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Children's Literature Resources

Consider what other institutions do to create benchmarks for best practices. (See selected examples.)

In creating a course, you do not need to "recreate the wheel", because many institutions make their learning objectives / learning outcomes available to prospective students.

CCRI Example Children's Literature

Upon successful completion of the course, the student should:
  1. Display a working knowledge of classic and contemporary children's literature
  2. Identify and describe distinct literary characteristics of literature, including techniques of illustration and format of children's books
  3. Analyze literary works from various genres for their structure and meaning, using correct terminology
  4. Write analytically about children's literature using MLA guidelines
  5. Effectively communicate ideas related to the literary works during class and group activities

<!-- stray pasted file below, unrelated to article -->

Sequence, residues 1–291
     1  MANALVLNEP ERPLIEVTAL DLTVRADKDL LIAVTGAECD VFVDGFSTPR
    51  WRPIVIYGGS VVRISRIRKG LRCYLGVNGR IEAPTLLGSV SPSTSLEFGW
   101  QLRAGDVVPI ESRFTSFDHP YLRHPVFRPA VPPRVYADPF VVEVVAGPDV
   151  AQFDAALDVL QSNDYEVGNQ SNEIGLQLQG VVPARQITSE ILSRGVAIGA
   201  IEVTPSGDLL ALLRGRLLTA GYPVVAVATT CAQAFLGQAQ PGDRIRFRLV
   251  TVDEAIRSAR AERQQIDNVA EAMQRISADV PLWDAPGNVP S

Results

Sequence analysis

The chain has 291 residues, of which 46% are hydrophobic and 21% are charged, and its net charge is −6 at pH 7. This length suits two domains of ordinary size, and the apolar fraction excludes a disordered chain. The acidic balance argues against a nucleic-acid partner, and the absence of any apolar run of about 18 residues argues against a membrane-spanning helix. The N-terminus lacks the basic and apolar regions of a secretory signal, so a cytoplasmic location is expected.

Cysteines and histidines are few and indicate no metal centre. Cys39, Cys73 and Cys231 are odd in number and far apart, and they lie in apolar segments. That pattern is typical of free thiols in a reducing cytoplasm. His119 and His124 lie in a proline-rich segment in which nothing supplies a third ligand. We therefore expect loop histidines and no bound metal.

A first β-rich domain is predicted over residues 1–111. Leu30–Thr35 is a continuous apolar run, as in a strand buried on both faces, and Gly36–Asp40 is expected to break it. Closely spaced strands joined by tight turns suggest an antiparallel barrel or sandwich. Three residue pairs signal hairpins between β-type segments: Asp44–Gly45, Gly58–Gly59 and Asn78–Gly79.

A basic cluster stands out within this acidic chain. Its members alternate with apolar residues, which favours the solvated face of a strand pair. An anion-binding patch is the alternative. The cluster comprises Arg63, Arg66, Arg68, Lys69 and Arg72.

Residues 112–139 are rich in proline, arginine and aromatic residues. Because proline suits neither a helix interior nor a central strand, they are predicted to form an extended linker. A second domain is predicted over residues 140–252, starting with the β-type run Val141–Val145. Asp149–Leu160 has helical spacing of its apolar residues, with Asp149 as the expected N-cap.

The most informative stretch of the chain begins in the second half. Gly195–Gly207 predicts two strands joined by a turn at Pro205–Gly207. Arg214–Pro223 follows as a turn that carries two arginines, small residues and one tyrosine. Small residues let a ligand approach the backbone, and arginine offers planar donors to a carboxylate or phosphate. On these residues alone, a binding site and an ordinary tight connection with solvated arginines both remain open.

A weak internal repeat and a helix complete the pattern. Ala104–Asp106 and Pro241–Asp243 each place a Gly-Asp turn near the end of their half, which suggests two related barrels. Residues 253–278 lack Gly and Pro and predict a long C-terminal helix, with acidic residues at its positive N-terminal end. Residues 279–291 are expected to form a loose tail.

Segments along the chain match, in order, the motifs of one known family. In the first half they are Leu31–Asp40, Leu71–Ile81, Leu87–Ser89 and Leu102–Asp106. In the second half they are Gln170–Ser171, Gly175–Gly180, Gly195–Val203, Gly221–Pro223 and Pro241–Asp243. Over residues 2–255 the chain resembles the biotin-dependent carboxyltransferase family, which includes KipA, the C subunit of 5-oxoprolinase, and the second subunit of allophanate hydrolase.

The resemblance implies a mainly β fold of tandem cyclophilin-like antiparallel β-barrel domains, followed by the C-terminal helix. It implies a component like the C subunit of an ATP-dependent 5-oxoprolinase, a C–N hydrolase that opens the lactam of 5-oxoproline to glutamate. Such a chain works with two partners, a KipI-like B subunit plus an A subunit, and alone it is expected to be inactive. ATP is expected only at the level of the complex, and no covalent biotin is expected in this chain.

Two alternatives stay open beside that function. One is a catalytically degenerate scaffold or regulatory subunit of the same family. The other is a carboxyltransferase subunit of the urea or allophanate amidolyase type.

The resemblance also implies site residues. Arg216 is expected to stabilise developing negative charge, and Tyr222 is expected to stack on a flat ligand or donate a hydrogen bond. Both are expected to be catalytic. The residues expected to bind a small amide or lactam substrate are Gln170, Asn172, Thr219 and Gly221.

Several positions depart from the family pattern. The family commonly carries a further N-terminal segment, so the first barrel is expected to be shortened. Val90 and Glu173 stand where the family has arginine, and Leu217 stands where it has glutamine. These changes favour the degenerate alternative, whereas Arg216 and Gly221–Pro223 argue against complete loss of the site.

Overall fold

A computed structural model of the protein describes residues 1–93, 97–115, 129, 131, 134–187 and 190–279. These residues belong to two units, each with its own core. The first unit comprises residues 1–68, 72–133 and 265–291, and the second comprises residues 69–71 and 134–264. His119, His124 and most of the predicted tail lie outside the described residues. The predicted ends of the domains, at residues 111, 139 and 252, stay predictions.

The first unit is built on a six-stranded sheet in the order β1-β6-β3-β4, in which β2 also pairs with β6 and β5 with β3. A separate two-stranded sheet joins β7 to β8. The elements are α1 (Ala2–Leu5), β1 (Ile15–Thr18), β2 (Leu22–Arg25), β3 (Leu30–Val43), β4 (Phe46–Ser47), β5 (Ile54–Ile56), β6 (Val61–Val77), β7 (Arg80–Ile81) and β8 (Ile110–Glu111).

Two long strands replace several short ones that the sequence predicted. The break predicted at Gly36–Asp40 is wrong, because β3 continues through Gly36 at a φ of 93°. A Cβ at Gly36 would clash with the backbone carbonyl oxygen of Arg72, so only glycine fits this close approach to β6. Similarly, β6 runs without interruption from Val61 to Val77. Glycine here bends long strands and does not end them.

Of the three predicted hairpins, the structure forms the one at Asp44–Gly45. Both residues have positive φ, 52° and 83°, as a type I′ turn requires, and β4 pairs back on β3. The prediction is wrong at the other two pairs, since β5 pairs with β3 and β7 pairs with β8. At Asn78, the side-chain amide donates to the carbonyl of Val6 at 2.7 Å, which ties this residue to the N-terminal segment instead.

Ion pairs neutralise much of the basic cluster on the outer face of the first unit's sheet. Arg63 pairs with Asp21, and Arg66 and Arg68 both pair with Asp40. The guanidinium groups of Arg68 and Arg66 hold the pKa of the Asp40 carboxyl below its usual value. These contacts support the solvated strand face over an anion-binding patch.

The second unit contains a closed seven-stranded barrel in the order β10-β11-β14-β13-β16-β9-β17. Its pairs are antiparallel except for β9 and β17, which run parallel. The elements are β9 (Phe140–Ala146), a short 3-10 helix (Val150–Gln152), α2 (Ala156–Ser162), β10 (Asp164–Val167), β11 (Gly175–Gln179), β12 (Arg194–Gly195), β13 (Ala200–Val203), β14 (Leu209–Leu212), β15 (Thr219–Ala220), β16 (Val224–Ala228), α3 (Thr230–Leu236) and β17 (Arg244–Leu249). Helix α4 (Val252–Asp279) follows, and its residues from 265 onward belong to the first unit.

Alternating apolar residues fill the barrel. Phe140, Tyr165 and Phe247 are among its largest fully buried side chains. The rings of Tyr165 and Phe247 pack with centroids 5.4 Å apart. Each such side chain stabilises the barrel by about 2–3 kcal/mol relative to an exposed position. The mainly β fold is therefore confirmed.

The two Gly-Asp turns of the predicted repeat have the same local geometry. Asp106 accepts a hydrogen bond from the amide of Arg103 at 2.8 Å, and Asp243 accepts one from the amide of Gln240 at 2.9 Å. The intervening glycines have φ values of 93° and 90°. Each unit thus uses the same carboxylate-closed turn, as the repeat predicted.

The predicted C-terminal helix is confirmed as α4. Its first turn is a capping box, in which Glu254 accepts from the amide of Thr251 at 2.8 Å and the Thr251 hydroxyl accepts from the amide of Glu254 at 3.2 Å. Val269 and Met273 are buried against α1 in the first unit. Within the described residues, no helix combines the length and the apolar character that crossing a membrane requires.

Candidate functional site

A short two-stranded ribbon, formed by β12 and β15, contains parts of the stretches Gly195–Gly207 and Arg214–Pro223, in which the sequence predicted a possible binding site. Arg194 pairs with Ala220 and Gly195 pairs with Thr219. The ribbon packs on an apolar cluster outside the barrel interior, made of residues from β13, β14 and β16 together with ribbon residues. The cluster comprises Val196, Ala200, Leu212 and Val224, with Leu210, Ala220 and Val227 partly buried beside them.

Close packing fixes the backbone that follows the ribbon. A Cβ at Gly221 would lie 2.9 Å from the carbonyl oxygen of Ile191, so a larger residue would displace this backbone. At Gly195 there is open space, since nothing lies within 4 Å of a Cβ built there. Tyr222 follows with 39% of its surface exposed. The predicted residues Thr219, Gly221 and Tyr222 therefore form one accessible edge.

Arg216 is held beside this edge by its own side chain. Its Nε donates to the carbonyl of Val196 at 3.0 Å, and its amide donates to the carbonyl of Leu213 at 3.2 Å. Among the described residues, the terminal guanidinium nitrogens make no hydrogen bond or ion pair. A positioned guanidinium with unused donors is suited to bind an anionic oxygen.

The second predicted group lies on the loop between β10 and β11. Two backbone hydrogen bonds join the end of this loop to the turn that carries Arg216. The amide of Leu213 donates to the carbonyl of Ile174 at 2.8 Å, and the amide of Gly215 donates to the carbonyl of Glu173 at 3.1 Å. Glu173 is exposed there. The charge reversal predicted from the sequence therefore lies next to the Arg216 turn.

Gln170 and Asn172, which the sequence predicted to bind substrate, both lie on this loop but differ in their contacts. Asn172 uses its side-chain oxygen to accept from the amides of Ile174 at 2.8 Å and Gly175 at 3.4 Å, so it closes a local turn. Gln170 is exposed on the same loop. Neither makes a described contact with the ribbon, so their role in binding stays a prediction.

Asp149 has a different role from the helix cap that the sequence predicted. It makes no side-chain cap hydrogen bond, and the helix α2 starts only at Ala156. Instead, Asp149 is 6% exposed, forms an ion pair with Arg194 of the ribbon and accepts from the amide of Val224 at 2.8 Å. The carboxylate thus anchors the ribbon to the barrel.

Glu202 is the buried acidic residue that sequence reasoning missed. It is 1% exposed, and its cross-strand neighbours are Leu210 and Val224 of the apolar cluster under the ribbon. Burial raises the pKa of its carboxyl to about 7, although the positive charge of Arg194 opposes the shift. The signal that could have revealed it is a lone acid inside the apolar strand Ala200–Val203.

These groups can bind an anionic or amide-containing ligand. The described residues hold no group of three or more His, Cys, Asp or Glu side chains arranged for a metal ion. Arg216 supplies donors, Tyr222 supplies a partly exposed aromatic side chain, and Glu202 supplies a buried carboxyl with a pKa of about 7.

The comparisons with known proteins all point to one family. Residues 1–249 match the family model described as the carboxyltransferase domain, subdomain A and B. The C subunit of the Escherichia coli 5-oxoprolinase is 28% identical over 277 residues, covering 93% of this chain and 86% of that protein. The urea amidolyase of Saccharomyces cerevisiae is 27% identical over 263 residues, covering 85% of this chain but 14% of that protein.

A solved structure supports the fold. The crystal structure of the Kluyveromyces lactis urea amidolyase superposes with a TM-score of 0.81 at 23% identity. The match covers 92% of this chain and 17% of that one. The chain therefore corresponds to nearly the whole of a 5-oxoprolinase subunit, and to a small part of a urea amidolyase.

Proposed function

George Mason University Syllabus (Highly detailed with links to open resources)

1. Read and comprehend the content of various kinds of children’s books with attention to detail,
nuance, and literary qualities and literary devices (INTASC 4) (Mason Core Literature
Outcomes 1 and 3)
2. Plan for meeting the needs of diverse classroom populations including disabilities, SES,
ethnicities and race, gender, and linguistic diversity. (INTASC 1, 2, 3)
3. Integrate children’s literature across content areas (INTASC 1, 4, 5, 7)
4. Describe why learning communities and motivation are important and describe the major